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' Up,' a September release from Mack Avenue Records, is a showcase of the many voices of Stanley Clarke.

Music Review: The Stanley Clarke Band – ‘Up’ [Mack Avenue Records]

If you are a top-flight bassist—both acoustic and electric—and if you’ve been playing over the years with a roster of some of the finest musical talent around, artists you can call your friends who would be more than happy to be a part of most any album you’re working on, chances are you’ll come up with a winner. And if you’re Stanley Clarke, there’s no chance about it, a winner will be a sure thing. Witness Up, a September release from Mack Avenue Records, a showcase of the many voices of Stanley Clarke.

“My aim here was to make a record with my friends. Every single recording session was nothing but fun,” says Clarke. “Surrounding myself with people I enjoy being with made the sessions effortless. Everyone came prepared and ready to play. All were great musicians and they came to the studio to give everything they had.” And it is clear that the proof is in music, no pudding here.stanley Clarke

Whether he is working with Michael Jackson’s rhythm section as he does on the funky opening track “Pop Virgil,” the Harlem String Quartet on “Last Train to Sanity,” or playing solo on four of his short “Bass Folk Song” numbers, the emphasis seems to be on cramming as much variety into the album as manageable in a dozen songs. The “Bass Folk Song” tunes, with their etude-like vibe, are scattered through the set like palate cleansers making ready for a new course.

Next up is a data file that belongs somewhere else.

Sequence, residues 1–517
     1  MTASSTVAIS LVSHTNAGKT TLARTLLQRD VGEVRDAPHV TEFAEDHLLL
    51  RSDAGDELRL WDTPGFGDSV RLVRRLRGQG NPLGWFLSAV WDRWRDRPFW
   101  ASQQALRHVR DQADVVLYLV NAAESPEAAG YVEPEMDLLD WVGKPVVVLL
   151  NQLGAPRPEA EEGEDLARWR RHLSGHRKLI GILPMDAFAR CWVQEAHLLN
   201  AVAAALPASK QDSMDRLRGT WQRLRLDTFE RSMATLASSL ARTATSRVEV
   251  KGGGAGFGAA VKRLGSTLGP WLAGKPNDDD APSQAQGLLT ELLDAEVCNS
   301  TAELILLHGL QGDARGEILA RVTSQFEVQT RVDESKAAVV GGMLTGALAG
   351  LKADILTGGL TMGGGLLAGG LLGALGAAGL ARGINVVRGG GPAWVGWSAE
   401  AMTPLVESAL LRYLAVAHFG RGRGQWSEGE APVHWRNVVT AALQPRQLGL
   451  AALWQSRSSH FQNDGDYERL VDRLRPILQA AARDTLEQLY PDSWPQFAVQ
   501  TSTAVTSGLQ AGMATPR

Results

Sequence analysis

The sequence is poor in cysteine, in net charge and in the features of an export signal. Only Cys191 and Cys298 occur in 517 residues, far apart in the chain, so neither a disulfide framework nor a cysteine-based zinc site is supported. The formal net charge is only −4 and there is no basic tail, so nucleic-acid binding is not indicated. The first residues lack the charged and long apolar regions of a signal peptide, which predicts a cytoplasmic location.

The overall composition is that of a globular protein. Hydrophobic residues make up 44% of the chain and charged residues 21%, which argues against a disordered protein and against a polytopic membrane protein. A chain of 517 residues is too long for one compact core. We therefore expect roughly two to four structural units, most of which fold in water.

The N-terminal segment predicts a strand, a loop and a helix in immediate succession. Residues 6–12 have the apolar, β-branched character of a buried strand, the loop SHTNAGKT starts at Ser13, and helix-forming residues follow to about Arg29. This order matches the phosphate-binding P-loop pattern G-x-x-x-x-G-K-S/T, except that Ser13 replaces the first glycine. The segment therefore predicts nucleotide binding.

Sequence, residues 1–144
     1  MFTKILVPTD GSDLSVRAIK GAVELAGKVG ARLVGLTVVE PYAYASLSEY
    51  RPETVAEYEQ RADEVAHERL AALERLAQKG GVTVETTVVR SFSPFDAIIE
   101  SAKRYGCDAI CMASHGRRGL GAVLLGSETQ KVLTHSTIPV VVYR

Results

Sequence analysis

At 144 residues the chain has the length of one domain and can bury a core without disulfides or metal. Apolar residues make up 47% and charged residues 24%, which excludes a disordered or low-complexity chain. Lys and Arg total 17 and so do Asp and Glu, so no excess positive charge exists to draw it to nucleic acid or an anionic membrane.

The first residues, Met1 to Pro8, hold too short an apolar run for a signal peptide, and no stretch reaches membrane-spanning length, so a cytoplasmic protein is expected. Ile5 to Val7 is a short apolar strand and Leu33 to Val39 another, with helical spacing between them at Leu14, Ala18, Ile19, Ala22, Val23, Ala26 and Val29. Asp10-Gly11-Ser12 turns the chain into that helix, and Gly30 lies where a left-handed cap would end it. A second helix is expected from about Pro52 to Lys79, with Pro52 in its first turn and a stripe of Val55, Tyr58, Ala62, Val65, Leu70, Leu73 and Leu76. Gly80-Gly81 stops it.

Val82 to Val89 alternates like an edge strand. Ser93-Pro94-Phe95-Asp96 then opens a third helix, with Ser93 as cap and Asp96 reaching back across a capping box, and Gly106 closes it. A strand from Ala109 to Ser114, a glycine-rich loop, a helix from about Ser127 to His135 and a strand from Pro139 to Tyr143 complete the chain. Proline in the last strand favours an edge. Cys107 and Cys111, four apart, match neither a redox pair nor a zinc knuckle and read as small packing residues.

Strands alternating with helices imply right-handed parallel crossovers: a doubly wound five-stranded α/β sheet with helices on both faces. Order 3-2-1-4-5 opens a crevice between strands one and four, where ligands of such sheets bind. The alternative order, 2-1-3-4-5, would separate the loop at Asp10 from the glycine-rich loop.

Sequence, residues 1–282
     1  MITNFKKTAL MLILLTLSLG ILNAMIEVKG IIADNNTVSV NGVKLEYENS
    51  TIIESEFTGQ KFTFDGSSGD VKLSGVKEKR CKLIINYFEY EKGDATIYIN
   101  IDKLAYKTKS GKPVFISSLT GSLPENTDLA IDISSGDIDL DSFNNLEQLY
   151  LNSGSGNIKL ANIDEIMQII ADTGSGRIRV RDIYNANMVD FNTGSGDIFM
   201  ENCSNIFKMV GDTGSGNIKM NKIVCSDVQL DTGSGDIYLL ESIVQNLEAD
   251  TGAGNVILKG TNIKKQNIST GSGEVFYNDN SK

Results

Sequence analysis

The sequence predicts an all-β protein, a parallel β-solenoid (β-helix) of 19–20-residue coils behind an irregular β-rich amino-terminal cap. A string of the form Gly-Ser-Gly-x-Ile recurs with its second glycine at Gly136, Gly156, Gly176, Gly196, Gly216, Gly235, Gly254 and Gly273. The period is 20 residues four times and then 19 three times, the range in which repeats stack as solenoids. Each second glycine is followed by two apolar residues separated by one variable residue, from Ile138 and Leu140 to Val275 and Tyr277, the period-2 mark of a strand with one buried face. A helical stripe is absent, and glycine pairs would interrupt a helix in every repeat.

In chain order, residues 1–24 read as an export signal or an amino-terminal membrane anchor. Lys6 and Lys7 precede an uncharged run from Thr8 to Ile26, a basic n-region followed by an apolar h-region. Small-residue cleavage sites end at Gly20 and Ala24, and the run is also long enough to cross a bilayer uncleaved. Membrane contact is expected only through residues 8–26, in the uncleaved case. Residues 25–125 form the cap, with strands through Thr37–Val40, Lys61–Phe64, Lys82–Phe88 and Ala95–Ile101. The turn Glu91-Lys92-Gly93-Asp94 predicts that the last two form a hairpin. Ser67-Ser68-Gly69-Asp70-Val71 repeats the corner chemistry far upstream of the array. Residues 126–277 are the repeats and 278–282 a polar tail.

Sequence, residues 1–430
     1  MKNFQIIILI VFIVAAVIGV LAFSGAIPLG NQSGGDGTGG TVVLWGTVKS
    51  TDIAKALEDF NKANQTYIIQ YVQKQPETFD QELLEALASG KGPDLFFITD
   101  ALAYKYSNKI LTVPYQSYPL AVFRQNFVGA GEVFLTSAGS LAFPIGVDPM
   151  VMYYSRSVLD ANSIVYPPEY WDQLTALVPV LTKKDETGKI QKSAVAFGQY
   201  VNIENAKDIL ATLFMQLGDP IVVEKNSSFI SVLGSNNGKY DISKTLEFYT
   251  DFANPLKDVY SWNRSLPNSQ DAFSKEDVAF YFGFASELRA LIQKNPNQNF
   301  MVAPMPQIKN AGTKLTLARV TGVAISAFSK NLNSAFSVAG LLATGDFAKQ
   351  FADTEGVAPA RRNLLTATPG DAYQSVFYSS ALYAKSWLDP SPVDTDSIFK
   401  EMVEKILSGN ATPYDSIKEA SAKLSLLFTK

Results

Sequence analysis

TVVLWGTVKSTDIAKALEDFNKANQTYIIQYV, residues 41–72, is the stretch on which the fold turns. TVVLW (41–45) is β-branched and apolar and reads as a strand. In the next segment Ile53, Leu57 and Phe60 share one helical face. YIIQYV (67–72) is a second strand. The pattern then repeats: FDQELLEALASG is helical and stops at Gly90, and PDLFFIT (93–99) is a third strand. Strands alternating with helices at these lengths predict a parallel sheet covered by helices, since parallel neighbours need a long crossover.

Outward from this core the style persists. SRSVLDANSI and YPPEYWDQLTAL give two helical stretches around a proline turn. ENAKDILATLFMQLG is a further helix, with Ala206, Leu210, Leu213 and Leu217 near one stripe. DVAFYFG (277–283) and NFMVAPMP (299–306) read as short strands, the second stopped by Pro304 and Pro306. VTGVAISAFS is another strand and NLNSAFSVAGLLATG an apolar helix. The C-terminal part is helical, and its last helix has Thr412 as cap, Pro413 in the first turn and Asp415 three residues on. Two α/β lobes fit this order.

“Up,” the album’s title song has Joe Walsh and Paul Jackson, Jr. on guitar, Stewart Copeland on drums, Rusland Sirota on piano, and Kamasi Washington on sax. It has a cheerful poppy vibe that may strike some as overly commercial. Washington’s sax work, however, is something special. Later in the set he contributes some more outstanding solo work on “I Have Something to Tell You Tonight.” “Brazilian Love Affair (Dedicated to George Duke)” features vocals from Clarke and Jessica Vautor and mellow samba rhythms.

“Trust (Dedicated to Nana)” is a lyrical trio piece written for his daughter. “Gotham City,” presumably a shout-out to Batman, has some fine moments from saxophonist Doug Webb. The album concludes with a reboot of his 1975 “School Days,” with Jimmy Herring taking the guitar lead, and finally, an elegant acoustic duet with Chick Corea on “La Cancion De Sofia.”

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